Uggla to the Braves? Would you believe Damon or Swisher?

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Ken Rosenthal ponders some possibilities for the Atlanta Braves, who are in the market for a corner outfielder.

First up: Dan Uggla, who could maybe be converted from second base.
Rosenthal says the Braves and Marlins have discussed it, that Atlanta’s
interest is only “mild,” and notes the difficulty involved with making
Uggla a left fielder. As in, he doesn’t want to be one.

Rosenthal suggests that the Braves could bring him in as a second
baseman and hope that Uggla realizes during spring training that he’s
not as good at second as Martin Prado is.  That would work if (a) Bobby
Cox had a second’s patience for that kind of nonsense, which he
doesn’t; (b) Cox doesn’t worship the ground Martin Prado walks on,
which he does; and (c) Dan Uggla was unlike almost every other player
in baseball history and really and truly wanted to be moved off of the
position at which he broke into the bigs.  Rosenthal, essentially
acknowledging the problems here, says that the Braves could ask
permission to talk to Uggla about a move before doing a deal. 

I’m not
going to hold my breath. The Braves have
gone down the convert-an-infielder-to-left path before with both
Chipper Jones and Kelly Johnson.  Neither Cox nor the players involved
liked that very much, so I don’t see them doing it for Dan Uggla, who
is a less-athletic version of both Jones and Johnson.

Outside of Uggla, Rosenthal wonders about Atlanta signing Johnny Damon or trading for Nick Swisher.

I could see Damon working if and only if he is in full
winter-2008-Bobby-Abreu mode as spring approaches and is willing to do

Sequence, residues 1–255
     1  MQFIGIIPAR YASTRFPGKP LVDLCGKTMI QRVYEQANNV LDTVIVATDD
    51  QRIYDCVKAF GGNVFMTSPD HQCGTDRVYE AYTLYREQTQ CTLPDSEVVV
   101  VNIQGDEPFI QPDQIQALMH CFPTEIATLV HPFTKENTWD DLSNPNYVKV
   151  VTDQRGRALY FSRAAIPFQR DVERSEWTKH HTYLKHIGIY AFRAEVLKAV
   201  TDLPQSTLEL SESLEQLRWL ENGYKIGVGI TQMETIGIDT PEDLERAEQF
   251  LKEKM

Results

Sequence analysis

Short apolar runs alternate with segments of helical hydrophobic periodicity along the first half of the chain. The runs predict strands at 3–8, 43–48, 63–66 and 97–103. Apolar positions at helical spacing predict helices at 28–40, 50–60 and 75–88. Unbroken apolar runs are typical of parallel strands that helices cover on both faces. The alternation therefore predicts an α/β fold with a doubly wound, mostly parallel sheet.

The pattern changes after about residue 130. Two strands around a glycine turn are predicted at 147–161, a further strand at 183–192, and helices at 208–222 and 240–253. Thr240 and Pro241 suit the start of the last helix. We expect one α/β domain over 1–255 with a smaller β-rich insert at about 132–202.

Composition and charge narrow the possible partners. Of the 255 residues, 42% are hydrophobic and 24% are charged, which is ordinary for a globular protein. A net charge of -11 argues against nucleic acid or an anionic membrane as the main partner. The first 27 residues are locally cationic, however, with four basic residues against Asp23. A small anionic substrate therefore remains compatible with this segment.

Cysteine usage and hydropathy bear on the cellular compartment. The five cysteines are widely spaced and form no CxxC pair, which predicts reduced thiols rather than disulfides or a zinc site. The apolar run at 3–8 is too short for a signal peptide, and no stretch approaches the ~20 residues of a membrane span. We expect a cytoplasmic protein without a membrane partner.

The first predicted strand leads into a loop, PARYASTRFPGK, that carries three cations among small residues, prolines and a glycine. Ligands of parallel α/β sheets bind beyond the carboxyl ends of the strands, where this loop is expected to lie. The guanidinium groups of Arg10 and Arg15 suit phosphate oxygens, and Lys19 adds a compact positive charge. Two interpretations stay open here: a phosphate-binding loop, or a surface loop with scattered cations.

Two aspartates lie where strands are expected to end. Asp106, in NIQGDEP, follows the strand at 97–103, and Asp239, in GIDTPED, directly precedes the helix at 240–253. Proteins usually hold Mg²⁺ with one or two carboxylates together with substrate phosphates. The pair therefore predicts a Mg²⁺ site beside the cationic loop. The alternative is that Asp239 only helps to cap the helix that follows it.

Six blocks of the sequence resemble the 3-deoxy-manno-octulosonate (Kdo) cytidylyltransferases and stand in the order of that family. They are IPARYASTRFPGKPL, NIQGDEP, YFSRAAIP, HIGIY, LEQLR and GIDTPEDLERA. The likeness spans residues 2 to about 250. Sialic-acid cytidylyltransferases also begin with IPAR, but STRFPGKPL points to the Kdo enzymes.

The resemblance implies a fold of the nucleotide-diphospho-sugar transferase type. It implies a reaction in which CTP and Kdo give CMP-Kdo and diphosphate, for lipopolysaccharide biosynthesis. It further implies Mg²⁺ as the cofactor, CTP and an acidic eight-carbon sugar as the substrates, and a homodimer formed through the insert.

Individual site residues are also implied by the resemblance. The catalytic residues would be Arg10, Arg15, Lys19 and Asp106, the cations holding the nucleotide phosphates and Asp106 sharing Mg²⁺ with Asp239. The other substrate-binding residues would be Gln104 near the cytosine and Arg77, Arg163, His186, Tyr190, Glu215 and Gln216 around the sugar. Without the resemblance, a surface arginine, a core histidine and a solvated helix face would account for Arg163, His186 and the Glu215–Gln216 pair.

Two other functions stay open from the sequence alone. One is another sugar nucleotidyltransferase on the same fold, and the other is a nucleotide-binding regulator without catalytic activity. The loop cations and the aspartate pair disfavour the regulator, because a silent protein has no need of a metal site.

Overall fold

a one-year, sub-$10 million deal. And actually, the Braves would think
anything north of $6 million would be high.  Ultimately, while I think
that Damon has kind of screwed himself this offseason, I don’t think
he’ll end up being that desperate.

Swisher makes far less sense, in that I can’t see the Yankees taking
Derek Lowe for him, and Lowe is about the only player the Braves have
talked about shopping this year. Maybe they’d shop Javier Vazquez, but
the Yankees have been there and done that and probably don’t want him
back.  New York seems far more inclined to look at guys like Justin
Duchscherer and Ben Sheets than they are to take on a guy owed $45
million bucks over the next three years, and they’re wise to be so
inclined.

So it’s all fun talk — the stuff the hot stove is made of, even — but
I’d be pretty surprised if we see any of these guys wearing the
tomahawk next season.

Report: Yankees, Reds finalizing trade for Sonny Gray

Sonny Gray
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Barring physicals and roster reshuffling, the Yankees and Reds are all but ready to finalize a deal involving right-hander Sonny Gray, Fancred’s Jon Heyman reported Saturday. The exact return has not been confirmed, but Heyman hears that the Yankees will receive top infield prospect Shed Long and a draft pick in exchange for Gray, with an as-yet unnamed third player possibly involved as well.

According to several reports earlier in the day, negotiations came down to the wire as the Yankees first had their eye on the Reds’ no. 6 prospect, 22-year-old catcher Tyler Stephenson. The Reds ultimately elected to hang on to Stephenson and send Long to New York, as they currently have a greater need for catching depth and weren’t expected to be able to provide a full-time role for the infielder in 2019. Long, 23, is ranked seventh in the Reds’ system and appears to be nearing his MLB debut after batting .261/.353/.412 with 12 homers and a .765 OPS across 522 PA at Double-A Pensacola last year.

Gray figures to step into a prominent role within the Reds’ rotation, which is likely to be a mix of recently-acquired left-hander Alex Wood and right-handers Tanner Roark, Luis Castillo, Anthony DeSclafani, and Tyler Mahle, among several others. Despite Gray’s struggle to remain productive on the mound — he’s three years removed from his only All-Star campaign and turned in a disappointing 4.90 ERA and 2.16 SO/BB rate in 2018 — he might yet help stabilize a team that trotted out the fifth-worst rotation in the majors last season. If, on the other hand, the veteran righty finds the hitter-friendly confines of Great American Ball Park a little too unforgiving this year, the Reds can take some comfort in the fact that he’s due to enter free agency in 2020.